Marshall Gray, Dean of Studies and College Counseling
The standard college admission essay allows no more than 650 words. My goal is to adhere to that limit myself.
This is not the year I planned for.
I didn’t take our sophomores on a college visit trip in May, I didn’t travel to conferences, and I didn’t even get to attend graduation for our first senior class, some of whom I came into the school with. This is the reality of life during a pandemic. We still have work, and school, and the other obligations of life. Seniors are still applying to college. Juniors are beginning their search.
That’s what I want to discuss today: applying to/searching for college during a pandemic. It’s just a little different. In some ways, nothing has changed. Virtually all college applications are online, so there is no difference in filling out the Common Application this year versus last year. You still have to do the monotonous processes of names, addresses, parent education and work experience, and listing (in order of importance to you) up to ten different activities you have been involved in during high school. For many students, though, that is where the similarity ends. There will be few visits to campus, and no colleges visiting here. There will probably not be face-to-face interviews or meetings with college representatives. So what to do?
1. Knock out online applications!
Whether it is the Common App, the Coalition App, or a school’s individual application, there is no need to wait. Take care of them now, before we get too deep into the school year. Fill out forms, write essays (I’m always happy to read those and give feedback), and hit submit, not just save.
2. Keep working hard in your classes.
While you might not have semester grades when you apply, colleges will absolutely want to see your grades from senior year, to make sure they are comparable to the grades you submitted when you applied.
3. Check schools’ application requirements.
Most colleges and universities have waived the ACT/SAT requirement for admission this year, though some (including the University of Arkansas,) still require it for scholarships. If you need to take it again, there are options, but if your schools don’t require it, don’t take on the added stress!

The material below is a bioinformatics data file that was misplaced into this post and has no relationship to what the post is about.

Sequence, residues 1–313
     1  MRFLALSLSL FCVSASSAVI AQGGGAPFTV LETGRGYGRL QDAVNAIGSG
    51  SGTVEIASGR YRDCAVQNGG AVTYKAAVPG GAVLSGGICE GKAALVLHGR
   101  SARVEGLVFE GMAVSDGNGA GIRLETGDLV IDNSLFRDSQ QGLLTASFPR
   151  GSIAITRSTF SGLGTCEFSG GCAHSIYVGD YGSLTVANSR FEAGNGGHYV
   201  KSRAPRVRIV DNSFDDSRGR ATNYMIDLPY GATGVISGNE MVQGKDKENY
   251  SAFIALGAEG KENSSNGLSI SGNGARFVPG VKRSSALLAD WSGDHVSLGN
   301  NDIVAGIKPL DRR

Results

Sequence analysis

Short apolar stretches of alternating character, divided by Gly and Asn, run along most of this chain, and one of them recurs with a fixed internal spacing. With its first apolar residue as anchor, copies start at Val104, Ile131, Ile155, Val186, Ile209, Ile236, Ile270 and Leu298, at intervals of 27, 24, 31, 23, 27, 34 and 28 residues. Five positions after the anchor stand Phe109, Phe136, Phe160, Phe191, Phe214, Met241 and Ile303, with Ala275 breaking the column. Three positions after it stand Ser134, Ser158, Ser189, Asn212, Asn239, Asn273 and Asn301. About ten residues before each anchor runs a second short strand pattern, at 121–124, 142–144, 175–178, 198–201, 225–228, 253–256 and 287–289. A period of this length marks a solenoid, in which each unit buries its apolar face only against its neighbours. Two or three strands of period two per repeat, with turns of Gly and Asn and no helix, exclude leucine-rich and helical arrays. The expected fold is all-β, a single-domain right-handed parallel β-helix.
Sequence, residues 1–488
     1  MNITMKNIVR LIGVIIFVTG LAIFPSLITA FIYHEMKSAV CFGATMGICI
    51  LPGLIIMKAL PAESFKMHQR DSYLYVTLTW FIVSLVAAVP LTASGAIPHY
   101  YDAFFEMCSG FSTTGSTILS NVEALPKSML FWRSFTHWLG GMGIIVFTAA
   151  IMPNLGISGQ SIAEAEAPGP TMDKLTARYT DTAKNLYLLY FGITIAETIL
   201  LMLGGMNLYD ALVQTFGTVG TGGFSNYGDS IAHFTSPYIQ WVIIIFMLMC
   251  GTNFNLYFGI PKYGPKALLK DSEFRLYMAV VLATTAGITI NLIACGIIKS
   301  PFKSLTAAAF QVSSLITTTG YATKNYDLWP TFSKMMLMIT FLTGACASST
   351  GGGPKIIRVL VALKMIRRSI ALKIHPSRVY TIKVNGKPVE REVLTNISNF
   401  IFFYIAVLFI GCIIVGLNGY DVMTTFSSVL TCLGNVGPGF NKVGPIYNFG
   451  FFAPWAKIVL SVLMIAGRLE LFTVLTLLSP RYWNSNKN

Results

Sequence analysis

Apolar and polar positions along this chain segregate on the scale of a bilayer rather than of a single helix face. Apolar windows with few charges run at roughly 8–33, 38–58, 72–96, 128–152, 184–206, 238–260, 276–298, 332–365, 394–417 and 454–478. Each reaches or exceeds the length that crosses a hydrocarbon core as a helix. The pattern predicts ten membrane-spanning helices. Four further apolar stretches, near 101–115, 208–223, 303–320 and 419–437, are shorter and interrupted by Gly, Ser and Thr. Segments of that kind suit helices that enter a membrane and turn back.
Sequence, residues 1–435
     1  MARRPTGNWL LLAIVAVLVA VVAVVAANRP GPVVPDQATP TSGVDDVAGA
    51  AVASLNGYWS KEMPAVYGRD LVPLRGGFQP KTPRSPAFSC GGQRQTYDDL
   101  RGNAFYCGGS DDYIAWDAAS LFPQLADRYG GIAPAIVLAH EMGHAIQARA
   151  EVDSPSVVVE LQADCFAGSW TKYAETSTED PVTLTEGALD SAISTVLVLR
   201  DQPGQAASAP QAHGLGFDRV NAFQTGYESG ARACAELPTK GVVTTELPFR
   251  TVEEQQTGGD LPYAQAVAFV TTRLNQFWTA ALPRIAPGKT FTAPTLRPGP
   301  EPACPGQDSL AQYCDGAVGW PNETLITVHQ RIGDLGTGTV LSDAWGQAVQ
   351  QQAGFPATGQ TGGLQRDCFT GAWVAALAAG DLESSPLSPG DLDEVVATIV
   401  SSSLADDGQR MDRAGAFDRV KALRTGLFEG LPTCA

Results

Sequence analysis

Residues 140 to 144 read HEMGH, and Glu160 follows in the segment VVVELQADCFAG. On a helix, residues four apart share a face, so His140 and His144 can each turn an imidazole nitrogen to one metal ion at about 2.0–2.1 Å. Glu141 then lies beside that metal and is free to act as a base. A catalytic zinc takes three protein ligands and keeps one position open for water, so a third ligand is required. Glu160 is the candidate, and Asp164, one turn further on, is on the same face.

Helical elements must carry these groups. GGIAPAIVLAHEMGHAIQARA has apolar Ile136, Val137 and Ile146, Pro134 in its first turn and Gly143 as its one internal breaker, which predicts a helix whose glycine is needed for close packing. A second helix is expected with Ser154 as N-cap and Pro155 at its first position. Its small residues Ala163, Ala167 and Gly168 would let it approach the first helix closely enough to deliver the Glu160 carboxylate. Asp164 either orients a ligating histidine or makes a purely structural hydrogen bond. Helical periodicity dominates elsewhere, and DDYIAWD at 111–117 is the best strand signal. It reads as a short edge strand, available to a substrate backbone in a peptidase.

4. Use your resources wisely.
When it comes to choosing, it may be more of an adventure this year, if you can’t visit campus, take advantage of everything the schools are offering. If there is a virtual tour, sign up for it. If you can meet with an admission counselor or a current student, take advantage of it. There are an incredible number of resources available to you to help you get the best picture possible of each school.
5. Ask for help!
1. Do some exploration.
Take virtual tours or go on virtual visits, meet with college reps or students, and just discover what is out there. You can find over 8000 schools in our Naviance college database, ready for you to explore.
2. Work hard in your classes.
These are the last grades you’ll earn before applying to college, so make them ones you’ll be proud to share. Do you have to be perfect? No, but you need to do your best to show schools you are ready to handle what they will expect of you when you get there.
3. Don't stress the test yet.
More than two-thirds of schools have waived the ACT/SAT for the class of 2021, but many haven’t made a decision about the class of 2022, so for now, the answer is simple; use Method Test Prep, provided by the school, and wait until the spring, when we will have more information. If testing is required, there will be several opportunities. If it isn’t, you’ve saved some stress and some money by not trying to jump on it now.
FOR ALL STUDENTS:
These are strange times, and none of us have been through this before. The most important thing I am hearing from experts in college admission is that they know you haven’t either, and they are ready to give some grace.
So take a breath, explore, have fun, and when in doubt, ask for help. I’m here when you need me.